The Tara brooch. 8th century. This brooch was found not in Tara but near the seashore at Bettystown, Co. Meath, in 1850. Its provenance was attributed to Tara by a dealer in order to increase its value. It is made of cast and gilt silver and is elaborately decorated on both faces. The front is ornamented with a series of exceptionally fine gold filigree panels depicting animal and abstract motifs that are separated by studs of glass, enamel and amber. The back is flatter than the front, and the decoration is cast. The motifs consist of scrolls and triple spirals and recall La Tène decoration of the Iron Age.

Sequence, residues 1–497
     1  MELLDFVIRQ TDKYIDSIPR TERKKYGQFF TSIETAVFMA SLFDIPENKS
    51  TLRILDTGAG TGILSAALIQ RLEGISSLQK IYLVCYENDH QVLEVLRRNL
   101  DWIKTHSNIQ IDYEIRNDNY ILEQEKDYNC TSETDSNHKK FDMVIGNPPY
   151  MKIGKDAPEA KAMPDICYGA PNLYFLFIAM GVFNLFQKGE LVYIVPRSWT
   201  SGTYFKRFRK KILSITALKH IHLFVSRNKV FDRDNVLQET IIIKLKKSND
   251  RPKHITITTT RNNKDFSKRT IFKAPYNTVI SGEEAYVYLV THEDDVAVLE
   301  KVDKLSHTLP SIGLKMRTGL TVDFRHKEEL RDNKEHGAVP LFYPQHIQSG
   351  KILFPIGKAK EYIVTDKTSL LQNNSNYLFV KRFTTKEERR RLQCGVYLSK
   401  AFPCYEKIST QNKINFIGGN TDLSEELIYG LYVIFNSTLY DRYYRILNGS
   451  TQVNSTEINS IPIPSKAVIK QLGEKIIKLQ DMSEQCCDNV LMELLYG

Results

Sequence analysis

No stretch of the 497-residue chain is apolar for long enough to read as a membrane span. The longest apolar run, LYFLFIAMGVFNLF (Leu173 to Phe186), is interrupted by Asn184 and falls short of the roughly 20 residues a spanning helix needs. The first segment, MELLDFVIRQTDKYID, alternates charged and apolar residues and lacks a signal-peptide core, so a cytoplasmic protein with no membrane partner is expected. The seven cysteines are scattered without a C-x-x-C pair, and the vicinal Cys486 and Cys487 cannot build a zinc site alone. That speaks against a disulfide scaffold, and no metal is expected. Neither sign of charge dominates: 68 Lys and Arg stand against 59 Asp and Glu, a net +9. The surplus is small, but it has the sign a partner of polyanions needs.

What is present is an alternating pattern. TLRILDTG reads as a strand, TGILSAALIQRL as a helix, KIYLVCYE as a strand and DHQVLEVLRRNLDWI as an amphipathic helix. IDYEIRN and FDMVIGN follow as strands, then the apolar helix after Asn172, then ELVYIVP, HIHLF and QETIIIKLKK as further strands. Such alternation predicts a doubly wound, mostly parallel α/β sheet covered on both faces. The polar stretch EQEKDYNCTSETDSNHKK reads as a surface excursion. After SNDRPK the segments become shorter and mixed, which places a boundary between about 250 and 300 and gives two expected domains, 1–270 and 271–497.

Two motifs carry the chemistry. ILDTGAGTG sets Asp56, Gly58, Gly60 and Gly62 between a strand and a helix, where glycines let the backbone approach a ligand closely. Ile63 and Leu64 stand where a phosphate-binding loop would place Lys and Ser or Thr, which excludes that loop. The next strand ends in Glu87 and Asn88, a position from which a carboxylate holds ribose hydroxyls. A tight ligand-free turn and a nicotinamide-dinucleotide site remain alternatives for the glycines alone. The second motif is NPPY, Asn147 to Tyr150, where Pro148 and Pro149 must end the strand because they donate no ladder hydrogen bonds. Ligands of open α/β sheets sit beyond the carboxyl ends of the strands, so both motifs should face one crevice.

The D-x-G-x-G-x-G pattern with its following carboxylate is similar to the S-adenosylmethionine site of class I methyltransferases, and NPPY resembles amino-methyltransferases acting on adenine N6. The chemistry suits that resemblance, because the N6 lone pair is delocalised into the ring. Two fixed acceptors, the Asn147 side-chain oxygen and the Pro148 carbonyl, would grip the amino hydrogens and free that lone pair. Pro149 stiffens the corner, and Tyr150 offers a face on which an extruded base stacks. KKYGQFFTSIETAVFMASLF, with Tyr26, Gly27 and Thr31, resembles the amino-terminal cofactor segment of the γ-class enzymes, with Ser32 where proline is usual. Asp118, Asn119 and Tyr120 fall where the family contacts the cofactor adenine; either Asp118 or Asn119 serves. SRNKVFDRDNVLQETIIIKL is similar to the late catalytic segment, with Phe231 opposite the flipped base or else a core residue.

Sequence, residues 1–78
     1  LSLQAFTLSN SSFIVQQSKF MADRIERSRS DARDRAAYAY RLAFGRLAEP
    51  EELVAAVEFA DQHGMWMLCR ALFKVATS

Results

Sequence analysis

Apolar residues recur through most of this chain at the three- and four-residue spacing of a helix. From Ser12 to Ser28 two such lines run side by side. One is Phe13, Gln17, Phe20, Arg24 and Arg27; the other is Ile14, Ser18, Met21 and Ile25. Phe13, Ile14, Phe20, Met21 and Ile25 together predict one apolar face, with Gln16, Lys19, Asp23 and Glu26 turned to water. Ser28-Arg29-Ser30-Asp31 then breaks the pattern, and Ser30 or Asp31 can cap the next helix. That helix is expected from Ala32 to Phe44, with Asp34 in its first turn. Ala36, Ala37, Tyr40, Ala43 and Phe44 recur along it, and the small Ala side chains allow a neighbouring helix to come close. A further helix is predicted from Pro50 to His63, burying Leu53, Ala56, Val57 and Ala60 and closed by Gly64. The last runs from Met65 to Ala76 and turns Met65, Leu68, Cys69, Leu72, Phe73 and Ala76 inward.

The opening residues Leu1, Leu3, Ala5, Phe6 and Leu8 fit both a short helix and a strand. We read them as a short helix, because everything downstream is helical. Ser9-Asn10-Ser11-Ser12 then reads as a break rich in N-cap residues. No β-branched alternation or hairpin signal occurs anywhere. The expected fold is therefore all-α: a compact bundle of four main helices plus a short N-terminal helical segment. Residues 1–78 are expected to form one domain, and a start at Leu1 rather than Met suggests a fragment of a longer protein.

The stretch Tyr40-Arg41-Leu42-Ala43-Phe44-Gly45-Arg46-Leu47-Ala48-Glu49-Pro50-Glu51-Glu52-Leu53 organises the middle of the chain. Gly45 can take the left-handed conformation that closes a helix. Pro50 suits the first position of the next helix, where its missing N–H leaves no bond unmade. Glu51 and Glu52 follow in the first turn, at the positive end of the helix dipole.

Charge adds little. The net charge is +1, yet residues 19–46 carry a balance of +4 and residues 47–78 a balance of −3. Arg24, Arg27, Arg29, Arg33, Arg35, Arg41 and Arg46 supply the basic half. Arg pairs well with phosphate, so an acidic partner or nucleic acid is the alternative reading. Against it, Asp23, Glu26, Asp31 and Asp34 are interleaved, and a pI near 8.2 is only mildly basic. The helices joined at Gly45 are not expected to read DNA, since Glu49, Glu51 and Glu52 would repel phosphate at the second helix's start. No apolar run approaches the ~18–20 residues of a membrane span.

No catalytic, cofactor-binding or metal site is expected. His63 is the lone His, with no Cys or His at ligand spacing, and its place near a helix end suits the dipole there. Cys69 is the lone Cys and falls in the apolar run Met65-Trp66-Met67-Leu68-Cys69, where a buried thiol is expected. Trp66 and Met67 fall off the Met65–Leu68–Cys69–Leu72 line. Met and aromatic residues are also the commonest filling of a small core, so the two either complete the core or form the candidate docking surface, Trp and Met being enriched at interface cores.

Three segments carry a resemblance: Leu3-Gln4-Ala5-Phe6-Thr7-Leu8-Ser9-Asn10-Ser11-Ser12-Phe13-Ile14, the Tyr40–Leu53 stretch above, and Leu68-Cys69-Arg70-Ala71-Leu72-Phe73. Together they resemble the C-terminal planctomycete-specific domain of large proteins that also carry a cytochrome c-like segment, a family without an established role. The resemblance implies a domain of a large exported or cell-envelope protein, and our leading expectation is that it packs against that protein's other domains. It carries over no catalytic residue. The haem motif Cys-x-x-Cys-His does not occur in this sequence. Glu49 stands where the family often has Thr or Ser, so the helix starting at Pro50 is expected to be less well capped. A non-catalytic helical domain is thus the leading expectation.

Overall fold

A silver chain made of plaited wire is attached to the brooch by means of a swivel attachment. This feature is formed of animal heads framing two tiny cast glass human heads. Along with such treasures as the Ardagh Chalice and the Derrynaflan Paten, the Tara Brooch can be considered to represent the pinnacle of early medieval Irish metalworkers’ achievement. Each individual element of decoration is executed perfectly and the range of technique represented on such a small object is astounding. National Museum of Ireland.
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